What to Expect During a MUGA Scan

The MUGA scan is a test that uses radioactive materials called tracers to show the heart chambers. The procedure is noninvasive. The instruments do not directly touch the heart. You will likely have a MUGA scan before your chemotherapy begins to get a baseline measurement, and then periodically during your treatment to make sure that the chemotherapy is not damaging your heart. In order to see the heart, we will give you a small amount of a radioactive tracer. This material is different from the dyes that are used for a CT or MRI scan. It does not cause nausea, diarrhea, or flushing. MUGA scans expose you to about the same amount of radiation as a chest x-ray.

Preparing for Your Scan

You may be told not to eat or drink beverages for several hours before the test. Your doctor or nurse will give you specific instructions. Please contact them if you have any questions.

The Day of Your Scan

  • You will be given an injection containing the radioactive tracer. You may feel a brief sting in your arm when the IV is inserted.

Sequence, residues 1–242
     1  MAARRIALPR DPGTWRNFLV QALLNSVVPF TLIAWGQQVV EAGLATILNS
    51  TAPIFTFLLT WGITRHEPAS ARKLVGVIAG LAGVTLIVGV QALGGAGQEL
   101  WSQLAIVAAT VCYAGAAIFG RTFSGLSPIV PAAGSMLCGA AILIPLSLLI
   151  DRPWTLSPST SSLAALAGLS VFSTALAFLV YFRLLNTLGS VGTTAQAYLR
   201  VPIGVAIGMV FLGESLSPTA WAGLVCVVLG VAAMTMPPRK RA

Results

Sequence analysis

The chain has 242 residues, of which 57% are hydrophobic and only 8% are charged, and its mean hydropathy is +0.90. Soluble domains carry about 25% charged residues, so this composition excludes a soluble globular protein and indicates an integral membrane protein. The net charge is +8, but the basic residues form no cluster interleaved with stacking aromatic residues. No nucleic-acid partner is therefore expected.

• The tracer will attach to your red blood cells. Your blood cells will carry it through your circulatory system, including your heart.
  • The technologist places electrode patches on your chest. The electrodes are attached to a nuclear imaging computer.
  • A gamma camera takes multiple pictures and creates a moving image of your heart.
  • During the test, just try to relax, breathe normally, and lie still.

After the Scan

There are no side effects from the MUGA scan.  The radioactive material presents no immediate danger to you or to the people around you, and no special precautions are needed.

Within six hours after the injection, more than ½ of the radioactivity is either expended or eliminated from your body.

After 48 hours, the radioactivity is completely gone.